Grant Awarded for Research of Ancient Villages
Most archaeological work today focuses on the larger cities, such as Megiddo (15 acres) and Gath (100 acres). Smaller villages receive less attention, despite what they can contribute about the daily lives of more “average” ancient peoples. An archaeologist at the University of Tennessee at Knoxville has received a large grant from the National Endowment of Humanities to study villages in the Late Bronze and Early Iron Ages. From the University of Tennessee:
A University of Tennessee, Knoxville, archaeologist who excavates ancient villages in the Near East has received a grant to reshape the modern understanding of the region's political, economic and social structure by studying its smallest rural settlements.
J.P. Dessel, a UT Knoxville historian who specializes in Bronze and Iron Age villages of ancient Israel, has received a $50,000 award from the National Endowment for the Humanities (NEH) that will allow him to integrate his own research with other studies to show how rural villages affected the social landscape of ancient Israel, otherwise dominated by major cities like Jerusalem and Megiddo.
"I hope to rebuild our understanding of the biblical region from the village up," Dessel said. "Most of what we know about the ancient Near East in the Bronze and Iron ages is the result of studying major urban areas, cities that represent the social and economic elites of the time.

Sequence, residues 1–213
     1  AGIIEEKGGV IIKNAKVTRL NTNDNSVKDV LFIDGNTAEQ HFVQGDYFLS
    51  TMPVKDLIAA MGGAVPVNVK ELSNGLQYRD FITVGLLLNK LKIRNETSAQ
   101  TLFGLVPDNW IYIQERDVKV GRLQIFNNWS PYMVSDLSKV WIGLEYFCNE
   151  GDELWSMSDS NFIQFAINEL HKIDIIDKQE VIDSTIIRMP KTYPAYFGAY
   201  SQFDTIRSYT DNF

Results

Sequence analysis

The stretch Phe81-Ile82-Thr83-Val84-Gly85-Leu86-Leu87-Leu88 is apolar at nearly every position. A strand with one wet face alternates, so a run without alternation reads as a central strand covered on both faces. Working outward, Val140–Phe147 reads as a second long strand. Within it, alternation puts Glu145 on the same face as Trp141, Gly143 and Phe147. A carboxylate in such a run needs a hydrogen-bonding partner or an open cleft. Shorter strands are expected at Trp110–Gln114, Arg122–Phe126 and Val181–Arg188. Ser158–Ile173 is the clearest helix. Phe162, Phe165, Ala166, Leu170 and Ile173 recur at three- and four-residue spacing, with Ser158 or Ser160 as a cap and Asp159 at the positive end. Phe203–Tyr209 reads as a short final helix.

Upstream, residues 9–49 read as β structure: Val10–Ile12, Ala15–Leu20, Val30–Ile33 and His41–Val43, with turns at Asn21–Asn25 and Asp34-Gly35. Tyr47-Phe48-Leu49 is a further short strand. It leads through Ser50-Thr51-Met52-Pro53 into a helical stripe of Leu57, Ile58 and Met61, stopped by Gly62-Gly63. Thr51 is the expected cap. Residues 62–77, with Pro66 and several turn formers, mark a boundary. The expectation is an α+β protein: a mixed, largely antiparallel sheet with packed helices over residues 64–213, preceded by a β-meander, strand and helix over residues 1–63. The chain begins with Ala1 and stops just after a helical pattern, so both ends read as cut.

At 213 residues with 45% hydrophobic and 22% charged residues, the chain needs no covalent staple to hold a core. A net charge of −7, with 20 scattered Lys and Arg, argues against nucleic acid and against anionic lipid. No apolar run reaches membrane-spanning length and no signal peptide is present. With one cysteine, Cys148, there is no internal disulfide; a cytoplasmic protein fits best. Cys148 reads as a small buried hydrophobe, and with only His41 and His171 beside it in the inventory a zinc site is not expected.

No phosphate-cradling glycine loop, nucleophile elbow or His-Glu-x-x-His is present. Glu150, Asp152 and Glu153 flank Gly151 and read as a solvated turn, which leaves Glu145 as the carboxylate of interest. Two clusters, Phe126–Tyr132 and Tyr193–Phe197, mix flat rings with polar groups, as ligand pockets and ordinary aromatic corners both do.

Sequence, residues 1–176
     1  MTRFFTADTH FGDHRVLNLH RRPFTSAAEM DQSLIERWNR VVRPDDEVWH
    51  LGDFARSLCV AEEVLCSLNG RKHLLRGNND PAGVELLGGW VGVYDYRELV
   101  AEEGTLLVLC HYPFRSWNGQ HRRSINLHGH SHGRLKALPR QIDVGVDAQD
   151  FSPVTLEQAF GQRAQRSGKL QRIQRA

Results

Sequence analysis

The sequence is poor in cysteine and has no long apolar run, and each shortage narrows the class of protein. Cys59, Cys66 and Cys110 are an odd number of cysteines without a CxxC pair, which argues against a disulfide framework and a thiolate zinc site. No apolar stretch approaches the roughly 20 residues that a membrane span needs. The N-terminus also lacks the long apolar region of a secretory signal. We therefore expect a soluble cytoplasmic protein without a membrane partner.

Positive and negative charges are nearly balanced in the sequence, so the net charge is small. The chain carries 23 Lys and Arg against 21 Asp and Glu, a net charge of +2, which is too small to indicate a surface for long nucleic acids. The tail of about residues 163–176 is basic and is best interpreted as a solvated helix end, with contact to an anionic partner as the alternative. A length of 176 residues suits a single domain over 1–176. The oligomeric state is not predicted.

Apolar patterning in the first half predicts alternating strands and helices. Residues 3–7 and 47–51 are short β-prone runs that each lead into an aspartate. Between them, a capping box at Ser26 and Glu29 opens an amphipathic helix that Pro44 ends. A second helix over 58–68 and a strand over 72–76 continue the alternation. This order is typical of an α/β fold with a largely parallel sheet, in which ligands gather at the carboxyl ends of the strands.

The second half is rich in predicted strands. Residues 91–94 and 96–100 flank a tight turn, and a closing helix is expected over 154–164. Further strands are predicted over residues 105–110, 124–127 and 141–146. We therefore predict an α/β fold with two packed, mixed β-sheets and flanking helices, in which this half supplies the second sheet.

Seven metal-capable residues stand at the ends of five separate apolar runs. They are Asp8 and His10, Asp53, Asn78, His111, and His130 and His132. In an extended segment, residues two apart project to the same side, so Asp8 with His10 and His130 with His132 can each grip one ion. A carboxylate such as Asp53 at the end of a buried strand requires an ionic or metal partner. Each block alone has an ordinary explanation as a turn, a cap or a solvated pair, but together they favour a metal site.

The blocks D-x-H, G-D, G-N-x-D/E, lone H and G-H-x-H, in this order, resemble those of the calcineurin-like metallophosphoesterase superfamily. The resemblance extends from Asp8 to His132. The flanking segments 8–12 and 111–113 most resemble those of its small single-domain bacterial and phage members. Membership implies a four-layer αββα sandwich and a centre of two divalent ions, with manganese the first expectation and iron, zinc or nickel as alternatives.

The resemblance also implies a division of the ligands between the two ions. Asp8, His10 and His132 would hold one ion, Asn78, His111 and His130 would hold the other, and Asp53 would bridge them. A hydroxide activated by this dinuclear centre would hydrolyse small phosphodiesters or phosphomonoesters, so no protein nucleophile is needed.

"By looking at small settlements, I expect to show that rural villages were just as vibrant and dynamic as some of the city-states in their midst."
Dessel's own excavations have focused on two tiny village sites near Nazareth -- Tell el-Wawiat and Tell 'Ein Zippori -- that were occupied between 1550 and 1000 B.C.E., but his yearlong study will include a review of other archaeological data from village sites. His focus on a rural heartland will offer a contrast to urban-focused archaeology that emphasizes ancient texts and elite culture.
"This project will show that these villages were diverse and culturally complex entities rather than simple sites focused on agricultural production," he said. "We'll be able to understand the culture of the region against a backdrop of an extensive rural settlement that spanned both the late Bronze Age and the early Iron Age."
The full press release is here.